Galvanized wire mesh monkey (Baboon) sculptures made by Kendra Haste for the 2011 Royal Beasts Exhibition, Tower of London
London's first monkeys lived in the Tower of London's remarkable menagerie, which existed from as early as 1210. Monkeys themselves are first mentioned in the records with the opening of a Monkey School in the 1780s. But they were probably living at the Tower a long time before this — indeed, there's plenty of evidence that fashionable ladies and gents had been keeping monkeys as pets for years, such as the oblique mention of a pet monkey in Pepys's diary of January 1661.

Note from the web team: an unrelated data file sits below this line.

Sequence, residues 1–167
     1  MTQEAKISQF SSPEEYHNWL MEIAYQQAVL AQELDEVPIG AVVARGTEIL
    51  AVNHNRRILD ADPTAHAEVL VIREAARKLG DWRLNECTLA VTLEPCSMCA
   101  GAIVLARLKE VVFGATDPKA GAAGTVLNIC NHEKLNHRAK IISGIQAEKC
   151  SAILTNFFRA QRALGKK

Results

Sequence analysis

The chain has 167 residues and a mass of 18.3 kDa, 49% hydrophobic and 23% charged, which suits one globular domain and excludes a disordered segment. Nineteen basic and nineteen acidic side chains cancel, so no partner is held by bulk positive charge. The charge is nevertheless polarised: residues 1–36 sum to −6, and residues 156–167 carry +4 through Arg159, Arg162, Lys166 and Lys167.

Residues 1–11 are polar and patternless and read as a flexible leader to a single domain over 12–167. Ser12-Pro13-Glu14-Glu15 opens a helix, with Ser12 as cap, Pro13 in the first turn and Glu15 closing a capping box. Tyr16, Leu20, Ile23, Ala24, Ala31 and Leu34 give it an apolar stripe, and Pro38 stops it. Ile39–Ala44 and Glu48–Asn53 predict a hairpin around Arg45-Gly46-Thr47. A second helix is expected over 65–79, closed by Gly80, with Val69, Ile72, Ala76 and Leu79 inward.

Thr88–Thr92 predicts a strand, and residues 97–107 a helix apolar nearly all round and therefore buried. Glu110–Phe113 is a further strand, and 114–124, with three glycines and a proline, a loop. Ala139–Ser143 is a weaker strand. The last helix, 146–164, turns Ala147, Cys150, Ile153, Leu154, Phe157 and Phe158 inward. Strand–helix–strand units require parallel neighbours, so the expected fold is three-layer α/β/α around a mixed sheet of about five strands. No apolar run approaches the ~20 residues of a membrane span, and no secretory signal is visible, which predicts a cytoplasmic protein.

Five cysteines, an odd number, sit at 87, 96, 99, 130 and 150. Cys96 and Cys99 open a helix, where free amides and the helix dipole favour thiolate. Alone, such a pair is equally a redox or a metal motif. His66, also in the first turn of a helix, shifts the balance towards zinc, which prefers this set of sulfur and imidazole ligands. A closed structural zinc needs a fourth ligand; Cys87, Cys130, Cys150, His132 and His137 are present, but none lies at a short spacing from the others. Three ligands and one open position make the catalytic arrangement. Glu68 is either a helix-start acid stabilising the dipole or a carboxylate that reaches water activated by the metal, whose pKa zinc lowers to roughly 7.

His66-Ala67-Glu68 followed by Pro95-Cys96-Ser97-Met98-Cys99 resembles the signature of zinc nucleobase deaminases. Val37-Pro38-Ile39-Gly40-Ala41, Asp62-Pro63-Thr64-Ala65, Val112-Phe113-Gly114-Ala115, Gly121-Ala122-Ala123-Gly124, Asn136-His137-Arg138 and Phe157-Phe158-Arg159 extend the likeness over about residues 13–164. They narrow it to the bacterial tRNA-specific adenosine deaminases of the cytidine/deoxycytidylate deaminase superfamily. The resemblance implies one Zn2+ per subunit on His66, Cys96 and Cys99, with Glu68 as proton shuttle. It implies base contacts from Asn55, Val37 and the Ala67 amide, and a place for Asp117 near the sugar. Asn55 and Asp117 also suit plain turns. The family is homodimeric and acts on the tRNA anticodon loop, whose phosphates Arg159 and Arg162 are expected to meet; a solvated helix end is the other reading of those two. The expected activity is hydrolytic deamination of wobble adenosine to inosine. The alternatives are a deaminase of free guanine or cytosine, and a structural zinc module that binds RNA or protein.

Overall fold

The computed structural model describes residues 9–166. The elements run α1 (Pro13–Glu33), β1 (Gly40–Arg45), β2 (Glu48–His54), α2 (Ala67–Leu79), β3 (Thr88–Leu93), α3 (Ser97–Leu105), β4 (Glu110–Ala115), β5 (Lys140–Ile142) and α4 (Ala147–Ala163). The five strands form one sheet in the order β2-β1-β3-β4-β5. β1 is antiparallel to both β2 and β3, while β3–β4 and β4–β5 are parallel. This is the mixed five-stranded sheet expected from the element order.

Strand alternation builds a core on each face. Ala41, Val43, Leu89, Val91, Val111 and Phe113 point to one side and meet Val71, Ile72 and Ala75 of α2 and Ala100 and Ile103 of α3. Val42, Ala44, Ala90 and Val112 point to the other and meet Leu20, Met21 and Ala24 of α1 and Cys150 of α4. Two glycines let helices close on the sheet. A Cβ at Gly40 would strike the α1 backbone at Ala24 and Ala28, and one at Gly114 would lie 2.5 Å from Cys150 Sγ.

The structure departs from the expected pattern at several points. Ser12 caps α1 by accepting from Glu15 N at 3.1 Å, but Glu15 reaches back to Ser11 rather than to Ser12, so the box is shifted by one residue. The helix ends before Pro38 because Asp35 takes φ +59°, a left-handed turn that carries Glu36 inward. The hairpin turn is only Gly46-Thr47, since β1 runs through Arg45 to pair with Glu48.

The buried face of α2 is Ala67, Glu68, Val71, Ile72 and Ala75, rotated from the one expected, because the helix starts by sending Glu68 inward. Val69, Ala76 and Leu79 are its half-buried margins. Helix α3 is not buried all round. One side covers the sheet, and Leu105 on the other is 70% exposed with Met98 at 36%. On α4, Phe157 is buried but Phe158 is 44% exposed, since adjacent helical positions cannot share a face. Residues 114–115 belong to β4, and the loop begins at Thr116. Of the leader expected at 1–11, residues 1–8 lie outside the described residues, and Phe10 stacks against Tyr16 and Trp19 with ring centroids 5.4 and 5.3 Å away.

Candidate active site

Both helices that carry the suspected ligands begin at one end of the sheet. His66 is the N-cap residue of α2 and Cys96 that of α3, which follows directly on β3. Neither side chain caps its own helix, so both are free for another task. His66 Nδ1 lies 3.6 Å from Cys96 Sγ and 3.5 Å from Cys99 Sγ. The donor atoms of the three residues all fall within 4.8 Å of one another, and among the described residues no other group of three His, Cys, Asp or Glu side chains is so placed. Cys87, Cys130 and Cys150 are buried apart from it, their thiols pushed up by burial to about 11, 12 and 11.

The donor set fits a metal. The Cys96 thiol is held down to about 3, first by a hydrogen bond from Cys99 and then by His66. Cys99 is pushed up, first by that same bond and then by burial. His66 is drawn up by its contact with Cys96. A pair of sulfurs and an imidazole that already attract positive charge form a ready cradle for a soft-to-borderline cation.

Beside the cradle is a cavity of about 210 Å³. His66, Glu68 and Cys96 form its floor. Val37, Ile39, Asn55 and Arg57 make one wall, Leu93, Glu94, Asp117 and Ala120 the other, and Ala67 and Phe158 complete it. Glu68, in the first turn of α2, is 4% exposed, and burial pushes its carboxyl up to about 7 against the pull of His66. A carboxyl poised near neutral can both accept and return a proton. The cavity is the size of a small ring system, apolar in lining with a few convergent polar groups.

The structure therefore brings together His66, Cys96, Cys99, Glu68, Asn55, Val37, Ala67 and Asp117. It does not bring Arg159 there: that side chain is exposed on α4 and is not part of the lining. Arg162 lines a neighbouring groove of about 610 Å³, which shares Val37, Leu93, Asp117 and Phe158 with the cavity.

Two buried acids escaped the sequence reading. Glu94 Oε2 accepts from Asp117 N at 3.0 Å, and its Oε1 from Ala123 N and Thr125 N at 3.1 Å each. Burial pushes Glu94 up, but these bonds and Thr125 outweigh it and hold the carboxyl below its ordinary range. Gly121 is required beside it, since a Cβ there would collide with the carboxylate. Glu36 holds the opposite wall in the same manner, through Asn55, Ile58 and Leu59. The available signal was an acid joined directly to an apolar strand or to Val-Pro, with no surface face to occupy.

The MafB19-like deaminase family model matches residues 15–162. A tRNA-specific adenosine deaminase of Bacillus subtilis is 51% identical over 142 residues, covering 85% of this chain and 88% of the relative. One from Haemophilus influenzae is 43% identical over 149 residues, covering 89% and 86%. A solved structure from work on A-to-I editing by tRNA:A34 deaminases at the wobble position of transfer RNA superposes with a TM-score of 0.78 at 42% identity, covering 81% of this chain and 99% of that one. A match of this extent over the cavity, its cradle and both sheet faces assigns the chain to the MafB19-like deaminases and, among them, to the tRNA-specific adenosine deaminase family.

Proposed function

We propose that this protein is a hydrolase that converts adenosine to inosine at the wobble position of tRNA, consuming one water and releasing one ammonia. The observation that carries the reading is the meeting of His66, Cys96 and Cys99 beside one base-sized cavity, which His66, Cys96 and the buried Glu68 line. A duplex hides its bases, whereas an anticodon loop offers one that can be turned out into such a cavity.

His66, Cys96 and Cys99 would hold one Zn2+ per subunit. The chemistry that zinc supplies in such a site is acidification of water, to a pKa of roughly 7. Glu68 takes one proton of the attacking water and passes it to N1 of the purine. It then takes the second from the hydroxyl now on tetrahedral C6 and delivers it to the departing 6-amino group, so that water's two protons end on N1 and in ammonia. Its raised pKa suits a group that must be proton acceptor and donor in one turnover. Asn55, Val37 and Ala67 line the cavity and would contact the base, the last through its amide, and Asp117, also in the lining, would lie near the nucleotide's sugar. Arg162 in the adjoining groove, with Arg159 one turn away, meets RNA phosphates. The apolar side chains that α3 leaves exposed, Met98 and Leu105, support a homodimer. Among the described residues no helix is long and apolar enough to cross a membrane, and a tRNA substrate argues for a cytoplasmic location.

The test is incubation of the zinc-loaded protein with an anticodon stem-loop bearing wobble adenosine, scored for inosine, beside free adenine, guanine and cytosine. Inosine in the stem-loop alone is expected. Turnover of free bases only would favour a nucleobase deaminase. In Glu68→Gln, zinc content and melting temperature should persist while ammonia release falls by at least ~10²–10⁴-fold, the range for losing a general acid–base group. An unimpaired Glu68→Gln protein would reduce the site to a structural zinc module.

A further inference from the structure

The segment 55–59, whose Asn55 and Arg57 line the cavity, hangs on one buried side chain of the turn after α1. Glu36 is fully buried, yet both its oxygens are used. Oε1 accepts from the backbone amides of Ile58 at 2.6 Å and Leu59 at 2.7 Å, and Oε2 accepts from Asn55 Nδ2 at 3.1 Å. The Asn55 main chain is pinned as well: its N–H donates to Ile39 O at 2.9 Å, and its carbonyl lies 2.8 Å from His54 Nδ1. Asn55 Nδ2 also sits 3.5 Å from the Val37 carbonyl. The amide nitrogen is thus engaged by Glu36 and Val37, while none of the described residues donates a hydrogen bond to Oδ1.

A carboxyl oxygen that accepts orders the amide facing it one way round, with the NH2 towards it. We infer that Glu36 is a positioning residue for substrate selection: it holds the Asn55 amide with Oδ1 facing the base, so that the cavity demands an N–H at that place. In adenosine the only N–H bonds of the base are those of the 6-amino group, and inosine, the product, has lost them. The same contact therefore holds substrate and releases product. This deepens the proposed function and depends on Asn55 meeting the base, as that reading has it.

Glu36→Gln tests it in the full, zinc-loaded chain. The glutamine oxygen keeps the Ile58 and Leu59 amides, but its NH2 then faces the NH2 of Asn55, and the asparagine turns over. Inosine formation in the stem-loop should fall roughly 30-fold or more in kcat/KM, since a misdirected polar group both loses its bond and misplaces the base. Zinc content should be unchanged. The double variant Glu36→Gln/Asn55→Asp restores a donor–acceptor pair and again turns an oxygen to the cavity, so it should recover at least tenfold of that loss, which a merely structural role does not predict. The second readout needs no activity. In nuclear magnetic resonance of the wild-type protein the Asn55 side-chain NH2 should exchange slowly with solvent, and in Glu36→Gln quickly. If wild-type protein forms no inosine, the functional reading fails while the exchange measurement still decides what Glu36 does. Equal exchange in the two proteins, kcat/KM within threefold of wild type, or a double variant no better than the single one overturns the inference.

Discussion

In the late 1800s, the Tower monkeys lived in a furnished room, with shelves and a fireplace where visitors were apparently completely charmed by their antics and humanlike behaviour. As has become the fashion with monkeys in London zoos, the animals and visitors were allowed to roam freely together, with the monkeys pinching, climbing on and biting guests.
However, the monkeys' freedom of movement wasn't to last. A guidebook from 1810 tells us that 'formerly several monkies were kept, but one of them having torn a boy’s leg in a dangerous manner... they were removed'.
Today, in the corner of the Tower's walls outside the Jewel House, sits a troop of mischievous baboons: artist Kendra Haste's 2011 artwork commemorates the beasts who once called the Tower their home.